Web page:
Preprints
https://doi.org/10.5194/egusphere-2023-2916
https://doi.org/10.5194/egusphere-2023-2916
25 Jan 2024
 | 25 Jan 2024
Status: this preprint is open for discussion and under review for Atmospheric Chemistry and Physics (ACP).

Observational perspective on SSWs and blocking from EP fluxes

Kamilya Yessimbet, Andrea K. Steiner, Florian Ladstädter, and Albert C. Ossó

Abstract. In this study, we examine eight major boreal Sudden Stratospheric Warming (SSW) events between 2007 and 2019 to understand the vertical coupling between the troposphere and stratosphere, as well as the relationship between SSWs and blocking events using Global Navigation Satellite System (GNSS) radio occultation (RO) observations. Our study covers the main aspects of SSW events, including the vertical structure of planetary wave propagation, static stability, geometry of the polar vortex, and the occurrence of blocking events. To analyze wave activity and atmospheric circulation, we compute the quasi-geostrophic Eliassen–Palm (EP) flux and geostrophic winds. The results show that the GNSS RO represent the primary dynamic features in agreement with theory and previous studies and provide a detailed view of their vertical structure. We observe a clear positive peak of upward EP flux in the stratosphere prior to all SSW events. In seven out of eight events, this peak is preceded by a clear peak in the troposphere. Within the observed timeframe, we identify two types of downward dynamic interactions and the emergence of blocking events. During the 2007 and 2008 “reflecting” events, we observe a displacement of the polar vortex, along with a downward propagation of wave activity from the stratosphere to the troposphere during vortex recovery, coinciding with the formation of blocking in the North Pacific region. Conversely, in the other six SSW “absorbing” events from 2009 to 2019, characterized by vortex split, we observe wave absorption and the subsequent formation of blocking in the Euro-Atlantic region. The analysis of the static stability demonstrates an enhancement of the polar tropopause inversion layer as the result of SSWs, which was stronger for the absorbing events. Overall, our study provides a purely observational view of the synoptic and dynamic evolution of the major SSWs, their link to blocking, and the impact on the polar tropopause.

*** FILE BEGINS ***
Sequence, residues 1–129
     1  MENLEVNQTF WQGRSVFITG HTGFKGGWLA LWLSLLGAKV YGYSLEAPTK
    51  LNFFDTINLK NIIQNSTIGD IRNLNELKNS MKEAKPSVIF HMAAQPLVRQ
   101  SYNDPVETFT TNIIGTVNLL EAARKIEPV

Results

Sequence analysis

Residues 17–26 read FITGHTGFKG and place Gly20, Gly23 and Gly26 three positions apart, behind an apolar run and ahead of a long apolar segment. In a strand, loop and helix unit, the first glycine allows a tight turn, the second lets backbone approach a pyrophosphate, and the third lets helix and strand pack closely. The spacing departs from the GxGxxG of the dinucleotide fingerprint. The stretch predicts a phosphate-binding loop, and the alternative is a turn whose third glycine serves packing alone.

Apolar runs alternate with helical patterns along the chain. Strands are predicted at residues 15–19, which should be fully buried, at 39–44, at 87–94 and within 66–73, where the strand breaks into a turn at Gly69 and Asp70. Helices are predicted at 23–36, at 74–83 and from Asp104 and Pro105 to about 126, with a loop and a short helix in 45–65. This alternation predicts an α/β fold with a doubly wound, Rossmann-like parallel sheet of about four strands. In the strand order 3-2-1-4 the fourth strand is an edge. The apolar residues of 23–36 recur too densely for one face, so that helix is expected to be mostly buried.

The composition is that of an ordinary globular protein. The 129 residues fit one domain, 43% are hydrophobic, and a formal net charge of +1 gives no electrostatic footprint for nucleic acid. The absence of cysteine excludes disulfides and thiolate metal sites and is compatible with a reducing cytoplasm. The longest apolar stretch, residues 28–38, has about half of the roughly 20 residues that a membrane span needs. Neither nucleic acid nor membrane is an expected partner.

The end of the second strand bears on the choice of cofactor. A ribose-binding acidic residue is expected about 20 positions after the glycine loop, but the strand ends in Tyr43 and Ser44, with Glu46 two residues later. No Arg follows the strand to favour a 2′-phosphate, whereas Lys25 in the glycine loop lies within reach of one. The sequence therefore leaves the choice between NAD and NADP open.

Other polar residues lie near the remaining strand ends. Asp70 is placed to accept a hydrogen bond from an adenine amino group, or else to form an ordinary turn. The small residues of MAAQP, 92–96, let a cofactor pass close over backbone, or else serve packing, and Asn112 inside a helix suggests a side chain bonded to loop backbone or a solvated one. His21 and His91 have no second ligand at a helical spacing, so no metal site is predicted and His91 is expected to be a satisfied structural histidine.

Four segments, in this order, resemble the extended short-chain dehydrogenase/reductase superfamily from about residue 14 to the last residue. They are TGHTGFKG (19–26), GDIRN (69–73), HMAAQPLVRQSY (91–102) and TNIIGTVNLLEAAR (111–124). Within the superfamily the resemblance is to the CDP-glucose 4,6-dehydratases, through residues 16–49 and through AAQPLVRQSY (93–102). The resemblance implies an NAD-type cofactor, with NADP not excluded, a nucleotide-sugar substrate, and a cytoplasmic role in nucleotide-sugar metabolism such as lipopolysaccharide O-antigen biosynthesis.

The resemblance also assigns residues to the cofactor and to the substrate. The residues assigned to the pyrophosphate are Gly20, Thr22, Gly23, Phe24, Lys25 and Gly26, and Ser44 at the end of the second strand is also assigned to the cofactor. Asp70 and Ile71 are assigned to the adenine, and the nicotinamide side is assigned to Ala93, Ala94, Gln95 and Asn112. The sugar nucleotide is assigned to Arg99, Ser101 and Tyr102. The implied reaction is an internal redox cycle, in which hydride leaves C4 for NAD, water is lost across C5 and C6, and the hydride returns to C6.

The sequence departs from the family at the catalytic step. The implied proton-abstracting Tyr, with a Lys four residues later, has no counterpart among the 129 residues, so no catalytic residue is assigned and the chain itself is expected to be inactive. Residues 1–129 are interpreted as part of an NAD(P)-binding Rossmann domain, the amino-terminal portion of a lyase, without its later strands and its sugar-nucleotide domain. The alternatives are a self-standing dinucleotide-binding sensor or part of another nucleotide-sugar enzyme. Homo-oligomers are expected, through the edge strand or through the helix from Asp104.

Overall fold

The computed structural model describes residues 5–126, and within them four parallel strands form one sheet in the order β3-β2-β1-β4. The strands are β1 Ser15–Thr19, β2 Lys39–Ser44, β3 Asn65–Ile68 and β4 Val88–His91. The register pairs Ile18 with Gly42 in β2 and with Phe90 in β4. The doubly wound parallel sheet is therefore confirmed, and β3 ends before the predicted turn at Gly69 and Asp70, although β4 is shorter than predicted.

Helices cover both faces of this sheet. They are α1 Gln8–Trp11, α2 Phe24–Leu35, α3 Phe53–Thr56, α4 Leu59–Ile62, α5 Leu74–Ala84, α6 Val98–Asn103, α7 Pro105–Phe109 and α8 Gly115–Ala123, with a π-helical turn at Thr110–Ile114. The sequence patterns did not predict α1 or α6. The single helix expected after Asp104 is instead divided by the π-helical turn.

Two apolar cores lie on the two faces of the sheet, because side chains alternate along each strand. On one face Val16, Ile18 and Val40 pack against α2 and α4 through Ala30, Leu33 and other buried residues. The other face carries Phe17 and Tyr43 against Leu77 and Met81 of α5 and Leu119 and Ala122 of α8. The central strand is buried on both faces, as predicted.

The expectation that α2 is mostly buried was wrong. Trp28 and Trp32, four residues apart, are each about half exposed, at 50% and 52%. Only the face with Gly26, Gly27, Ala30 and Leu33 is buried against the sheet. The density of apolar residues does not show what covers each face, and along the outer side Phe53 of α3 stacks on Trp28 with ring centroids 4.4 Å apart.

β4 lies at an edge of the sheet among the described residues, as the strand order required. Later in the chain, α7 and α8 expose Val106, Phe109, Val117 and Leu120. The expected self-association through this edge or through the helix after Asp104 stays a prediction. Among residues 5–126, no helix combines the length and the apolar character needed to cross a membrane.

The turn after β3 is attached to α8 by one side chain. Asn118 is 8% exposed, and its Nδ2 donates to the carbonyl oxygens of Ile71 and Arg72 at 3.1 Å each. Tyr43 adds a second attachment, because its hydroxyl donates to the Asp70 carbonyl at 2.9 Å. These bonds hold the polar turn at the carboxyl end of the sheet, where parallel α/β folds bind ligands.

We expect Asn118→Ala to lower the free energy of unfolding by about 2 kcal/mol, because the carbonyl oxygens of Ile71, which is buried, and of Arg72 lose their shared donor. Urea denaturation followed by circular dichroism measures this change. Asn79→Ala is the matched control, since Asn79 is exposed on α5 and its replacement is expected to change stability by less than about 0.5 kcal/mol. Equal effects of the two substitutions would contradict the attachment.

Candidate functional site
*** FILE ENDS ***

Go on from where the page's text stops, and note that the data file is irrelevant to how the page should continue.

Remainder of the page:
Kamilya Yessimbet, Andrea K. Steiner, Florian Ladstädter, and Albert C. Ossó

Status: open (until 07 Mar 2024)

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Kamilya Yessimbet, Andrea K. Steiner, Florian Ladstädter, and Albert C. Ossó
Kamilya Yessimbet, Andrea K. Steiner, Florian Ladstädter, and Albert C. Ossó

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Short summary
Major sudden stratospheric warmings (SSWs) and atmospheric blocking can significantly influence winter extratropical surface weather. To study the relationship between SSWs and blocking, we examine dynamic stratosphere-troposphere coupling using vertically high-resolved observations from Global Navigation Satellite System radio occultation for 2007–2019. Our results provide a purely observational view on the evolution of the major SSWs, their link to blocking, and effect on the polar tropopause.